The toxification of workplace culture can start innocently. You’re in a brainstorming meeting and pitch out your idea, then someone calls your idea stupid and made a joke about it. Everyone laughs because it’s funny. You laugh too, but now you feel dread every time someone asks for your opinion. Before long, nobody dares to pitch an original idea because everyone jumps at the chance to make fun of it.
We often talk about how culture is a vital part of your company. It’s very hard to build a good culture, and the best part is one toxic person is enough to destroy it.
A toxic employee:
- Reduces the entire team’s performance by 40%
- Makes good talents want to quit
- Influences others to also be toxic
- Costs a total of $50,000 in losses
How can a single toxic person do so much damage, and what can we do as HR leaders to prevent this from happening?
How can your culture get toxic?
Toxic behavior is tolerated
Tolerating toxic behavior is the same as passively encouraging it. Take our anecdote earlier for example. When such actions (in this case bullying) are let slide, leaders give a signal that it’s okay to do so.
Toxic behavior can end up being tolerated unconsciously. We may simply not think much of it at the time and didn’t know how harmful it could be.
What’s worse is some leaders know that, yet purposely decide not to discipline the toxic employee because they are high-performing. This is counterintuitive because the productivity that a toxic person brings is outweighed by the moral and financial losses they incur.
Bad is stronger than good
Ever wonder why it’s much easier to remember bad experiences than good ones? We can always recall something bad that happened at work, but when asked about the good things, we have to find it.
Naturally, bad experiences have more impact than positive experiences on the human mind. Our instinct to avoid bad things is stronger than our desire to pursue positive things.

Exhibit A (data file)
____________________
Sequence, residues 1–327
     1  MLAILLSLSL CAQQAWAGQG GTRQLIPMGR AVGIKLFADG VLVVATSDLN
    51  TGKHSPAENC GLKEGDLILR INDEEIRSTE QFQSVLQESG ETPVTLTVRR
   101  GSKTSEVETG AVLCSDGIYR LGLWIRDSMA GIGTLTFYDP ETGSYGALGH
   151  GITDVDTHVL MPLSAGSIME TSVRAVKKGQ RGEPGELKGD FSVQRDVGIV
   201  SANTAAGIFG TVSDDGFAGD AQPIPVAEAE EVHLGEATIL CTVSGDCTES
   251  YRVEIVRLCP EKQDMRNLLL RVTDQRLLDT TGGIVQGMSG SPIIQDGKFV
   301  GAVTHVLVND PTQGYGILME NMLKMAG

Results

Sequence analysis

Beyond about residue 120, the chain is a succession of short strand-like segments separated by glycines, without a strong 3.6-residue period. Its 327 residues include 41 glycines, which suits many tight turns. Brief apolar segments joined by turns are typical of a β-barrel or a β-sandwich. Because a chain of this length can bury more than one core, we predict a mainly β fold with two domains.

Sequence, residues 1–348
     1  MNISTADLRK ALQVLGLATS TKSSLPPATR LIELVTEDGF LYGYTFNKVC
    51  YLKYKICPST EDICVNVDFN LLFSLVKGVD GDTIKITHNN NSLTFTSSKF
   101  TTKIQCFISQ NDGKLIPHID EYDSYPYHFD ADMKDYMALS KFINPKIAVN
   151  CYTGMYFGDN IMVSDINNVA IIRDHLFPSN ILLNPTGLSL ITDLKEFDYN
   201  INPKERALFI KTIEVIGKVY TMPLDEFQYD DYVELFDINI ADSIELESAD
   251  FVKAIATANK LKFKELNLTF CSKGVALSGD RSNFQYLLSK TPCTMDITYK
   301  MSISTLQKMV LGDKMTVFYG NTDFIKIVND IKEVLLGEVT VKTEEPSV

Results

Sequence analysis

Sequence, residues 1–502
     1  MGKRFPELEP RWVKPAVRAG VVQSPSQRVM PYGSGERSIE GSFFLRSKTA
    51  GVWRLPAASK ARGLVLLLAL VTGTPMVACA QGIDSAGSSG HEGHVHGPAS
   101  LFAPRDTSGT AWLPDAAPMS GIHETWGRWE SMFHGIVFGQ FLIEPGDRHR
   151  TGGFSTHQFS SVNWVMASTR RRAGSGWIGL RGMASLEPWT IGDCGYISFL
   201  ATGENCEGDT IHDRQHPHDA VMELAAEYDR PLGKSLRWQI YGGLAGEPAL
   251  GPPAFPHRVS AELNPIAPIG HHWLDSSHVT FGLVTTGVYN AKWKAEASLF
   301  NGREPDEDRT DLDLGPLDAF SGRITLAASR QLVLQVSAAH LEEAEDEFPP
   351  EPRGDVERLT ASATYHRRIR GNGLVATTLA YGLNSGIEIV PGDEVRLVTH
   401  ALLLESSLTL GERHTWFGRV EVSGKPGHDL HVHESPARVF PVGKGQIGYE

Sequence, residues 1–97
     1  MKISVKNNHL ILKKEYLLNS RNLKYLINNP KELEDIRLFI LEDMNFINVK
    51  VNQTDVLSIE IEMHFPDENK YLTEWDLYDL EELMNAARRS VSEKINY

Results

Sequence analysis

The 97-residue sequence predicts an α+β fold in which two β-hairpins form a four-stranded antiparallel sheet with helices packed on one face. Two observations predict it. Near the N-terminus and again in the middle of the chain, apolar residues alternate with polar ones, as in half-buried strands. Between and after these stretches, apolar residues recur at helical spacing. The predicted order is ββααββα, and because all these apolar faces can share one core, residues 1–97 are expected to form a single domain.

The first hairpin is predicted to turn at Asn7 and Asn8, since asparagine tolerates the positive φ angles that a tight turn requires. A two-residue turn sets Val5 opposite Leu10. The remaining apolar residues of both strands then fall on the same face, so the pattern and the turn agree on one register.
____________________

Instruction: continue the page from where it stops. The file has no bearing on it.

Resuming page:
This is why toxic behavior spreads so easily across company culture, and why it’s so hard to build and enforce positive company values. All it needs for a toxic person to destroy your company culture is for the leaders to do nothing.
When toxic people become leaders
Toxicity can be measured with the Dark Tetrad, or the ‘dark’ side of personality. One of the factors in the dark tetrad, Machiavellianism, is what drives toxic people to manipulate and exploit others in order to get ahead.
At first they may look like a good potential leader by using charisma, communication, and manipulation. Once they reach a leadership position, it would be easy to spread their toxic behavior and infect your company culture.
How to avoid all this?
No tolerance for toxic behavior
It’s easier to curb toxic behavior when it’s not yet gotten out of hand. When you see the kind of teasing that might evolve into something worse, step in immediately and let them know such things are not tolerated. When you hear reports from your people that someone might be displaying toxic tendencies, intervene and discipline them if necessary.
Put non-tolerance for toxic behavior into your company rules and enforce it. Jokes are fine, but insults shouldn’t be. Make it clear that you are serious about fostering a positive company culture for your people.
Time to say goodbye
Sometimes a toxic person won’t change when confronted, subject to training, or even disciplined. In cases such as this, it’s time to make the hard decisions and let them go.
It’s not worth it to keep a toxic employee, even if they’re really good at their job. A study by Harvard Business School found that it’s actually more valuable to steer away from toxic people than to hire top talents.
Don’t hire toxic people
The simplest way to deal with toxic employees is not to hire them at all. With proper screening, you can detect early on if a candidate has the potential to be toxic or problematic.
That’s what personality assessments are for. People who are manipulative can easily lie their way out of an interview, but psychometric assessments can tell you everything about a candidate’s psychology: whether their personality is a good fit for your culture, or if they risk disrupting your company values.
With scientifically proven assessments in Dreamtalent, you can detect toxic candidates early on and avoid doing any harm to your company culture.